2. What are the most important factors in your success?
I think success is a very subjective term and different academics will have different definitions of what it means – win awards/prizes, attract multi-million dollar grants, publish hundreds of papers, supervise hundreds of students, transfer patents to industry, etc. Ultimately, at the foundation of all of these are the students we supervise and the collaborations we establish with colleagues. Making an environment that is welcoming, multi-disciplinary, and multi-cultural, yet challenging scientifically and technically, will spark innovations – innovations that will eventually lead to such publications, awards and grants. Having a circle of colleagues to bounce off ideas from, to work together on exciting projects, to push us beyond our boundaries, as well as to have a beer with to unwind, are also extremely important. Many project ideas and collaborations have started as part of chats during an ICASSP conference and have often led to top publications, awards and grants. So ultimately, in my opinion, the most important factor in success is not to focus on our own, but that of our students and colleagues. Ours will come as a natural consequence.
3. Failures are an inevitable part of everyone’s career journey, what is the most important lesson you have learned during your career when dealing with failures?
As academics, we are faced with rejections all the time – rejections from granting institutions, from journals, conferences, etc. As cliché as it may sound, the most important lesson to learn from failures is to learn from them, to get back up after falling, dust ourselves off, and try again in a different and improved manner. I see many young researchers and students facing a lot of stress to get papers accepted into major conferences with 10% acceptance rates. I see many new students showing signs of imposter syndrome, thinking they are not smart enough because they can’t get a paper accepted to conference X or conference Y. Many of the Best Paper Awards in the Lab have come from smaller Workshops, aimed at specific topics, with a smaller number of participants but with equally-high impactful work. The IEEE SPS has many such Workshops, including IWAENC, WASPAA, ASRU. I advise all students to consider such Workshops when submitting their work – the feedback they will receive will be useful and the connections they will make will last a lifetime.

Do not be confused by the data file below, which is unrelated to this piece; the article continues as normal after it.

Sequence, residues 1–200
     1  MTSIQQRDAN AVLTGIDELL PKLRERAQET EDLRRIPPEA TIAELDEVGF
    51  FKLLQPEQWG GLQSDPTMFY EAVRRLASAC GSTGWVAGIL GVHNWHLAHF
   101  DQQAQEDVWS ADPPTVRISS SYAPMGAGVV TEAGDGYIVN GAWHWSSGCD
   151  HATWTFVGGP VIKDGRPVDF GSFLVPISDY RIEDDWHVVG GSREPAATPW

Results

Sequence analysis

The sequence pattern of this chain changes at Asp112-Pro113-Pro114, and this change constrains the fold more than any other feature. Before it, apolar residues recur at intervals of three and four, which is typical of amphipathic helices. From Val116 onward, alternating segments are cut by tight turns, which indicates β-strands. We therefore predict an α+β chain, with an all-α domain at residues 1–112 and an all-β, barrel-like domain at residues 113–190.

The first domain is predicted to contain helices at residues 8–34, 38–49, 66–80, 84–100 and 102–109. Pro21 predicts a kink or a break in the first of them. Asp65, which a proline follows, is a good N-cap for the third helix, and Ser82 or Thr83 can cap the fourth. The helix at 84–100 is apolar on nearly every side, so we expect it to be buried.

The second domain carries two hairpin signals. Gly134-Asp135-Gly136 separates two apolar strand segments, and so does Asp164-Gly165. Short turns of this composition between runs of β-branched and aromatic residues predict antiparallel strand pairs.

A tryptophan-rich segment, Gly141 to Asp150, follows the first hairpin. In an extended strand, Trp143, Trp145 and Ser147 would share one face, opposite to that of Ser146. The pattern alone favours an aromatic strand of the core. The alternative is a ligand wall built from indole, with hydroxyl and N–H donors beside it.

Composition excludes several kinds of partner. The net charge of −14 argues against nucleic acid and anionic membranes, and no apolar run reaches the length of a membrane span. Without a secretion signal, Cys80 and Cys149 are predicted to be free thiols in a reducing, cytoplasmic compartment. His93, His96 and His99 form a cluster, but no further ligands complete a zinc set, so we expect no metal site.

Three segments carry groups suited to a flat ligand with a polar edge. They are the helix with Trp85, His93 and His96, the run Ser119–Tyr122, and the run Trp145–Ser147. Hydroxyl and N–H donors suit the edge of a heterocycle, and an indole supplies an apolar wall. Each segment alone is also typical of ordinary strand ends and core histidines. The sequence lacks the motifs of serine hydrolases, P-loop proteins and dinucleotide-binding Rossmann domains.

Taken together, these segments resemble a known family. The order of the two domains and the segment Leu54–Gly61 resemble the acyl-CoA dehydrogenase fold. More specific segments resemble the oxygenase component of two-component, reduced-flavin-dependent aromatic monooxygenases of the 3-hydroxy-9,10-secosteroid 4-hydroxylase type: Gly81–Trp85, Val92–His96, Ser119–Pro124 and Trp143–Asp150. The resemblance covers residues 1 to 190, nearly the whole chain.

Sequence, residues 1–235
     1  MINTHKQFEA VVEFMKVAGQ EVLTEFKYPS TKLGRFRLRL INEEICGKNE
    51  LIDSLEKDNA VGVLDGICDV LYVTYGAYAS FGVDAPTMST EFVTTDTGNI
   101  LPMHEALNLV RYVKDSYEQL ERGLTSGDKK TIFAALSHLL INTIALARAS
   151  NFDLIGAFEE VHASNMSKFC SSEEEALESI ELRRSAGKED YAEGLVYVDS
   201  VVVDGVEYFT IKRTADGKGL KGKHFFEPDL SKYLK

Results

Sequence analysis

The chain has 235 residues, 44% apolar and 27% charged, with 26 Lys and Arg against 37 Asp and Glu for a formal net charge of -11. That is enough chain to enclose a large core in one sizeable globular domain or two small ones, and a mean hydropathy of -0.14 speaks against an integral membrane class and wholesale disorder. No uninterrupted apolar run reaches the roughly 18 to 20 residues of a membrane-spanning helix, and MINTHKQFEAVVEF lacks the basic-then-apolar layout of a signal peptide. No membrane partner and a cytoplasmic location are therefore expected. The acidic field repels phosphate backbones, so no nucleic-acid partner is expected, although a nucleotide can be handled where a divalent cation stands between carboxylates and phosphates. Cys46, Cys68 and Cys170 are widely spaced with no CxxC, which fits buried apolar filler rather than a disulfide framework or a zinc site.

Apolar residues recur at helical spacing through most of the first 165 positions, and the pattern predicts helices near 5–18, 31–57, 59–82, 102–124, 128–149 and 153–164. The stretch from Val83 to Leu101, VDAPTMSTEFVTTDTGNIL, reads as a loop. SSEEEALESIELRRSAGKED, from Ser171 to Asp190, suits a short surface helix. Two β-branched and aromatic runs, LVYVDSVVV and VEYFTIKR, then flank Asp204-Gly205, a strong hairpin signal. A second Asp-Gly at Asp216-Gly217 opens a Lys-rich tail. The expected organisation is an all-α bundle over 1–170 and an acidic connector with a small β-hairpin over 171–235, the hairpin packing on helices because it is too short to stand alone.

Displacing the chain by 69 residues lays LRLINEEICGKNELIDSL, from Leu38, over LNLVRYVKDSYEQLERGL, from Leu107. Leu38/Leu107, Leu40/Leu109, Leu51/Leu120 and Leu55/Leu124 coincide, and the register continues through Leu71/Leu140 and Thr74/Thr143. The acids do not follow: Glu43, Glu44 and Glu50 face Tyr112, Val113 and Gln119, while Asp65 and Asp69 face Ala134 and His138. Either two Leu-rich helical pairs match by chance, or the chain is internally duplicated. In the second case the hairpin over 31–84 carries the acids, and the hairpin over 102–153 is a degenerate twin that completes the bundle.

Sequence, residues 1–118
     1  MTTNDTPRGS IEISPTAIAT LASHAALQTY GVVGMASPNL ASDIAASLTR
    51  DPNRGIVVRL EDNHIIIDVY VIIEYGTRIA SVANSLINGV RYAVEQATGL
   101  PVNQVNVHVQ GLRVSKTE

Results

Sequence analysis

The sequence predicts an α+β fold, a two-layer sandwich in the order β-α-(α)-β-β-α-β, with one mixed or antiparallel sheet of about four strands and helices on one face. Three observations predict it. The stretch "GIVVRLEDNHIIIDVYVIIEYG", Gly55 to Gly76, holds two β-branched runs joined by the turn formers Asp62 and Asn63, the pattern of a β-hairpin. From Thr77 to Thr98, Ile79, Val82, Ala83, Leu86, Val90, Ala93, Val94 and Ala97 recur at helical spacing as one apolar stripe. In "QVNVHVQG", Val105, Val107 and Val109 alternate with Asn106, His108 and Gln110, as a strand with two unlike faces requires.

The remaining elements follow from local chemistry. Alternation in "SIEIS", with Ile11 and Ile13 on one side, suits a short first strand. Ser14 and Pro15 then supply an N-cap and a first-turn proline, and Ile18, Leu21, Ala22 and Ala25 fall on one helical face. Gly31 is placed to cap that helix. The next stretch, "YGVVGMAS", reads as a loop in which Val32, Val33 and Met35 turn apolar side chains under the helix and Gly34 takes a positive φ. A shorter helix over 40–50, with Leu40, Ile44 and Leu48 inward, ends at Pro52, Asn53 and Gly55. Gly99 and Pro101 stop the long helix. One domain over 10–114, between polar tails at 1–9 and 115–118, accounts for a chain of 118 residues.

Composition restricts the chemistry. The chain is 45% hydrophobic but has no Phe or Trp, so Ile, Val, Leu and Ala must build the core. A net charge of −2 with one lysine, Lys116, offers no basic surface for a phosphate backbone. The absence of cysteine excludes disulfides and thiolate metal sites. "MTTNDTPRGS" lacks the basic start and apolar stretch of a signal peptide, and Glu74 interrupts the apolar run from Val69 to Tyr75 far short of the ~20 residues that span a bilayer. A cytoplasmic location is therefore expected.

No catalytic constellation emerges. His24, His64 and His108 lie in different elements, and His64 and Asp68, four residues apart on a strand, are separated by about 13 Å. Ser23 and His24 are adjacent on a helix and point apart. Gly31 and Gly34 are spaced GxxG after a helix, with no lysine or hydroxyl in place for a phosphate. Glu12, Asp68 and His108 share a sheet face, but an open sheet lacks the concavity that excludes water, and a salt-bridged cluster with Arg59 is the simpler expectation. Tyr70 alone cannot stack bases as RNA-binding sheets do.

4. How does your work affect society?
I am a signal processing researcher at heart and my interests have shifted over the years, but one thing has remained consistent: to build tools that can have an impact. As a PhD student, I was interested in building non-intrusive quality and intelligibility metrics from speech that could be used by telecommunication service providers to improve the quality of their calls, by hearing aid manufacturers to improve the quality-of-life of their users, and to assist clinicians in monitoring the progress of their speech therapies from children to stroke survivors. As a postdoc, I was interested in building assistive technologies, ranging from hum detectors for non-verbal communications to brain-computer interfaces. More recently, my team and I have been working on using signal processing to provide additional intelligence to machine learning algorithms to make them more reliable in everyday settings. Such intelligence can include extracting context from the environment and/or from signal noise, measure sensor quality, or extract new signal representations that can serve as improved inputs to e.g., deep learning algorithms. This aspect has been crucial in the development of tools that have practical use; some examples of tools we have developed include the use of IoT devices to monitor beehive health, wearables to monitor the stress/workload/anxiety levels of first responders in the field and nurses in the hospital, and more recently, the use of multisensory immersive environments and brain-computer interfaces to better train Olympians and police officers.